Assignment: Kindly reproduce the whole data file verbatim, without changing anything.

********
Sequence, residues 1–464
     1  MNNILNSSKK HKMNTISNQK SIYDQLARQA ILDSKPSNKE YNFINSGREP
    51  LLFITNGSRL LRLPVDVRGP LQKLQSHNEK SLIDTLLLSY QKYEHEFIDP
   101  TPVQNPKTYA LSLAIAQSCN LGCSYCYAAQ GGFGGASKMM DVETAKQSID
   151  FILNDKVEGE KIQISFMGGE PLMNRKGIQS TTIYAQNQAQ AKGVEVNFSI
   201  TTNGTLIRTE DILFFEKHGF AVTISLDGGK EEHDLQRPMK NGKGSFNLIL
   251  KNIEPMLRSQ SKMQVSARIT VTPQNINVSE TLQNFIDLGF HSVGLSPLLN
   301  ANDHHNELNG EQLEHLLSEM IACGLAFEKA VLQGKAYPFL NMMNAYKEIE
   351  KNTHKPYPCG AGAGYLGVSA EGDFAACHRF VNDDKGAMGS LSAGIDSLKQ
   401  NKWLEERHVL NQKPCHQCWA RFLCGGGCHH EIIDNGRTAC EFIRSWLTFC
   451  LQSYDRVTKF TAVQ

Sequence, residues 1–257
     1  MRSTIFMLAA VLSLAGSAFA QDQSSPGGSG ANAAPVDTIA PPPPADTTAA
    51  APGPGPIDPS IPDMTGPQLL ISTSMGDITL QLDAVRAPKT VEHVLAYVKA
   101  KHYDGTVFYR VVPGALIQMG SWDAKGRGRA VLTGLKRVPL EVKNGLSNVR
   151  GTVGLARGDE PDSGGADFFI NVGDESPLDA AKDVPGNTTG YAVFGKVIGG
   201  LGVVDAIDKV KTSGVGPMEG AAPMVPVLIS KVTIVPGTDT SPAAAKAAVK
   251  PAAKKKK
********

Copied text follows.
Sequence, residues 1–464
     1  MNNILNSSKK HKMNTISNQK SIYDQLARQA ILDSKPSNKE YNFINSGREP
    51  LLFITNGSRL LRLPVDVRGP LQKLQSHNEK SLIDTLLLSY QKYEHEFIDP
   101  TPVQNPKTYA LSLAIAQSCN LGCSYCYAAQ GGFGGASKMM DVETAKQSID
   151  FILNDKVEGE KIQISFMGGE PLMNRKGIQS TTIYAQNQAQ AKGVEVNFSI
   201  TTNGTLIRTE DILFFEKHGF AVTISLDGGK EEHDLQRPMK NGKGSFNLIL
   251  KNIEPMLRSQ SKMQVSARIT VTPQNINVSE TLQNFIDLGF HSVGLSPLLN
   301  ANDHHNELNG EQLEHLLSEM IACGLAFEKA VLQGKAYPFL NMMNAYKEIE
   351  KNTHKPYPCG AGAGYLGVSA EGDFAACHRF VNDDKGAMGS LSAGIDSLKQ
   401  NKWLEERHVL NQKPCHQCWA RFLCGGGCHH EIIDNGRTAC EFIRSWLTFC
   451  LQSYDRVTKF TAVQ

Sequence, residues 1–257
     1  MRSTIFMLAA VLSLAGSAFA QDQSSPGGSG ANAAPVDTIA PPPPADTTAA
    51  APGPGPIDPS IPDMTGPQLL ISTSMGDITL QLDAVRAPKT VEHVLAYVKA
   101  KHYDGTVFYR VVPGALIQMG SWDAKGRGRA VLTGLKRVPL EVKNGLSNVR
   151  GTVGLARGDE PDSGGADFFI NVGDESPLDA AKDVPGNTTG YAVFGKVIGG
   201  LGVVDAIDKV KTSGVGPMEG AAPMVPVLIS KVTIVPGTDT SPAAAKAAVK
   251  PAAKKKK